The freeze-dried CL13T vaccine, stored at 4°C for a 20 month period, showed a drop of 1log TCID50 in infectious titre (7.8 to 6.8/ ml), while the freeze-dried CL13 vaccine, stored at 4°C for a 12 month period, decreased in titre from 5.8 to less than 4.0 (data not shown). When stored for 7 days at 37°C, the titre of the freeze-dried CL13T vaccine decreased from 7.8 to 6.2, whereas during the same time period the CL13 vaccine lost all its infectivity (Figure 2B). Additionally, the CL13T vaccine virus remained stable for more than 3 hours at 45°C, during which time the CL13 lost over a log of infectivity (Figure 2D). The CL13T vaccine virus remained stable for 90 min at 56°C, whereas during the same time period the CL13 vaccine virus lost nearly 3 logs of infectivity (Figure 2C).

Not enough sensibility to differentiate between CL13 and CL13T, the obtained value for the melting point is 167.5°C for RVF CL13T and 166.8°C for RVFCL13.

Safety testing of CL13T candidate vaccine

Normal body temperatures were recorded in all the sheep, goats and cattle post-vaccination with different doses (104 to 108 TCID50) of the CL13T candidate vaccine virus (data not shown). No abnormal behavior, clinical signs or local reactions at the injection sites were observed in any of the vaccinated animals.

EDTA blood, collected from day 0 to day 15 post-vaccination, was tested for the presence of RVFV by virus isolation on Vero cells and for RVFV RNA by real-time RT-PCR. No live virus or viral RNA was detected in any of the post-vaccination samples, indicating that the vaccine virus was not circulating in the vaccinated animals.

Serological responses in animals vaccinated with the CL13T candidate vaccine virus

All cattle that were vaccinated with different doses of the CL13T candidate vaccine seroconverted as shown in Figure 3. Only two of the six cattle vaccinated with 104 TCID50 of the CL13T candidate vaccine tested positive by VN, with both of the positive cattle having a titre of 1.5 at 42 and 56 days post vaccination (dpv) and one of the cattle having a titre of 1.02 at 86 dpv. Five out of the six cattle vaccinated with 105 TCID50 of the CL13T candidate vaccine tested positive with VN titres between 1.02 to 1.26 by 28 dpv.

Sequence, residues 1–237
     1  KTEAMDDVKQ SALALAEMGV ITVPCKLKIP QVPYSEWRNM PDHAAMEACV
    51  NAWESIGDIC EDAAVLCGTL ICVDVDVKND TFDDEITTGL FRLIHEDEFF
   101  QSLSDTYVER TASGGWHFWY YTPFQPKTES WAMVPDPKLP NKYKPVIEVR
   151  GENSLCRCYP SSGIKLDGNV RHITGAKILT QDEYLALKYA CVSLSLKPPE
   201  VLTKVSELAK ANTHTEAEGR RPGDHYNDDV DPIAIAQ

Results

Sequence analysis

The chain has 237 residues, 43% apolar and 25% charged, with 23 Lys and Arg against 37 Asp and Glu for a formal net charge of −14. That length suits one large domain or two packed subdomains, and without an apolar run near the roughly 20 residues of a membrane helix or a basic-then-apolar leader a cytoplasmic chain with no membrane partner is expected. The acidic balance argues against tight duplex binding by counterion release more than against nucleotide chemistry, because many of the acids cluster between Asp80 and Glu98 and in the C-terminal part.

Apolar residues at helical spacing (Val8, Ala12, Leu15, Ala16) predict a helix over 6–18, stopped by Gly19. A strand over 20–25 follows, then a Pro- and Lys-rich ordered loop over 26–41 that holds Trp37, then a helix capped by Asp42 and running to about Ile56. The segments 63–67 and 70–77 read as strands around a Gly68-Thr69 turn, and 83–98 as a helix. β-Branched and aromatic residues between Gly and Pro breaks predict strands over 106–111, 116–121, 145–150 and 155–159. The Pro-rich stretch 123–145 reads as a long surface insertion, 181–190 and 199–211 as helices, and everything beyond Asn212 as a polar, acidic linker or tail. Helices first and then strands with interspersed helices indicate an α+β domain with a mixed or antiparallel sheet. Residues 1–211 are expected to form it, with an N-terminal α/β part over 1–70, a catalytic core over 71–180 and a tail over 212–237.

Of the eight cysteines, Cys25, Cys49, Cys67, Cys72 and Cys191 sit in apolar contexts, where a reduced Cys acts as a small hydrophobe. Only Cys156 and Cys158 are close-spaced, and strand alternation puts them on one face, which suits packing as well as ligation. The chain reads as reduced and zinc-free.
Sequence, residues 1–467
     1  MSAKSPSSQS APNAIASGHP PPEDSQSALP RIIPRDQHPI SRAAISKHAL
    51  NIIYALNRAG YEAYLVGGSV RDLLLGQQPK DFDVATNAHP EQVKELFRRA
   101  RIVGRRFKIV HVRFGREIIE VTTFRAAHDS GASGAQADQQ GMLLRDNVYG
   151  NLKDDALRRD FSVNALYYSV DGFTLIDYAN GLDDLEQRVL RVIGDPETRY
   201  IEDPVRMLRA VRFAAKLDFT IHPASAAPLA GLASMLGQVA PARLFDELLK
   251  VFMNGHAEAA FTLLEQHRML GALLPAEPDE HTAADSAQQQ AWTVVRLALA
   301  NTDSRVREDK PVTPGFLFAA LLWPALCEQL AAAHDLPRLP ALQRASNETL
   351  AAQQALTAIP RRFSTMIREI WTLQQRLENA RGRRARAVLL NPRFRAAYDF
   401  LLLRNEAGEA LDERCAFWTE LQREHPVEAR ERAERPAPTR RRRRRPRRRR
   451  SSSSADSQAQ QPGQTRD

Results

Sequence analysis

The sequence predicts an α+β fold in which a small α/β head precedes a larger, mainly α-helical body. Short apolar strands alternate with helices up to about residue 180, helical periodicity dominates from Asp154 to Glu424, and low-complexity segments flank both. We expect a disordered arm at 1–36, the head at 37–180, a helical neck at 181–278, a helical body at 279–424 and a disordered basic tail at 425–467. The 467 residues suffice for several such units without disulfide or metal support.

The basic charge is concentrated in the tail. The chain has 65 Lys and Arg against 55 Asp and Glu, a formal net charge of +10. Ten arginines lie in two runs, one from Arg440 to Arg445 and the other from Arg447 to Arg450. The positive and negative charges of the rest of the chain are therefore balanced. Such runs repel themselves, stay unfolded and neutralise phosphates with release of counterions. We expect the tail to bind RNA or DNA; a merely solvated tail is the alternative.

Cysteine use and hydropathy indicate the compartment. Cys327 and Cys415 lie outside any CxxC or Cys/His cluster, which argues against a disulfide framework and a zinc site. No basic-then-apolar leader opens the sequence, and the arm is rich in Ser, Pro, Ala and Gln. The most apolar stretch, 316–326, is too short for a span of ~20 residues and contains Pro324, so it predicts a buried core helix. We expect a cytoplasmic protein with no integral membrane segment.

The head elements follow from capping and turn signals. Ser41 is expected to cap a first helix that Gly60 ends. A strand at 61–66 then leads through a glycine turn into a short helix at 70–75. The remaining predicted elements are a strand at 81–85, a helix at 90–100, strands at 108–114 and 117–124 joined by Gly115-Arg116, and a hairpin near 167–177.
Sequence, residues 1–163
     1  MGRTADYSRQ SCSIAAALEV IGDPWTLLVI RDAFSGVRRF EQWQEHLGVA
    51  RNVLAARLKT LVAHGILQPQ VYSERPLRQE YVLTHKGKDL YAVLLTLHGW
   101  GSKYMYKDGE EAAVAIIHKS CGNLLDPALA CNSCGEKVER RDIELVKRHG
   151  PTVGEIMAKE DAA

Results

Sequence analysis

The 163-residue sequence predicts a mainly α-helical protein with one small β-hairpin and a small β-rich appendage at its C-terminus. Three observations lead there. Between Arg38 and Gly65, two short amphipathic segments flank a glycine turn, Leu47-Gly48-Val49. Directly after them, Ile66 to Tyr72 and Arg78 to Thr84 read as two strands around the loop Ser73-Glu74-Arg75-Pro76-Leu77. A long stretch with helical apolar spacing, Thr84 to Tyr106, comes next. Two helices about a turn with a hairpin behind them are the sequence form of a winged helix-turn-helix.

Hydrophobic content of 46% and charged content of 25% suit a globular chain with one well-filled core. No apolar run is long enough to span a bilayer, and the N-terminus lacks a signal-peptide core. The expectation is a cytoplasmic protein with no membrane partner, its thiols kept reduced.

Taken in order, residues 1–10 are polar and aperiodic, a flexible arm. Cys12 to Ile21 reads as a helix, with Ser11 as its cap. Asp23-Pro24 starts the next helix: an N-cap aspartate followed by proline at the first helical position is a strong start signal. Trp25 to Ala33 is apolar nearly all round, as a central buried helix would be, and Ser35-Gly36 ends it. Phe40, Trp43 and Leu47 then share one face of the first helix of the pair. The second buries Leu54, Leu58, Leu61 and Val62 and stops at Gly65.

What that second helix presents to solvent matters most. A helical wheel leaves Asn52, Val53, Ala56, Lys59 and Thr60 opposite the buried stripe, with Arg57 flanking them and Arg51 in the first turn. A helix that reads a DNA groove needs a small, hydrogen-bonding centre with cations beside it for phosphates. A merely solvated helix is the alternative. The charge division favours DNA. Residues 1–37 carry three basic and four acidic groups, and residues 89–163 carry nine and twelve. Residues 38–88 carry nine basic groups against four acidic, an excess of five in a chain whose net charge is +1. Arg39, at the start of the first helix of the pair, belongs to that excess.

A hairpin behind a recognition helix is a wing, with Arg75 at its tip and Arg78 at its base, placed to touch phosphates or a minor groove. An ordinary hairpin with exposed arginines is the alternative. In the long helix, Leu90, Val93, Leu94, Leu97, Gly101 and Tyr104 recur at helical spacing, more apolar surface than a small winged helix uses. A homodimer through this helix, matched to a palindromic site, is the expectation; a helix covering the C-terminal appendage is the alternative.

vaccines-vaccination-neutralizing-antibody

Figure 3: Average neutralizing antibody titres obtained in cattle after vaccination with RVFV CL13T at different doses (104, 105, 106, 107 and 108 TCID50).

A good neutralizing antibody response was recorded in the majority of vaccinated animals from 7 dpv following the administration of a single dose of 106, 107 and 108 TCID50 of the CL13T candidate vaccine (Figure 3). Neutralizing antibody were detected in the vaccinated cattle up to 116 dpv in all groups, except for the group of cattle that were administrated a dose of 104 TCID50.

No significant difference in the proportion of animals with detectible antibodies was found between the groups that were vaccinated with 105 TCID50 and 106 TCID50 (p=0.147) and the groups vaccinated with 105 TCID50 and 107 TCID50 (p=0.065). Statistically significant differences (p<0.05) were however observed when comparing the proportion of animals with detectible antibodies between the group vaccinated with 105 TCID50 and the groups vaccinated with 104 TCID50 and 108 TCID50.

High titres of antibodies, measured by both ELISA and VN, were recorded in all the vaccinated sheep and goats from 7 dpv (Figure 4). The kinetics of the antibody responses were similar in sheep and goats and antibodies persisted in both species for up to a year postvaccination (Figure 4). All the unvaccinated control animals remained negative throughout the study, indicating that the vaccine virus was not being spread between the vaccinated and the unvaccinated animals. No statistically significant differences in serum neutralizing antibody titres were observed between sheep and goat groups (p= 0.320).

vaccines-vaccination-neutralizing-antibody

Figure 4: Average ELISA, a) and neutralizing; b) antibody titres obtained in sheep and goats after vaccination with 103 TCID50 of the RVF CL13T candidate vaccine.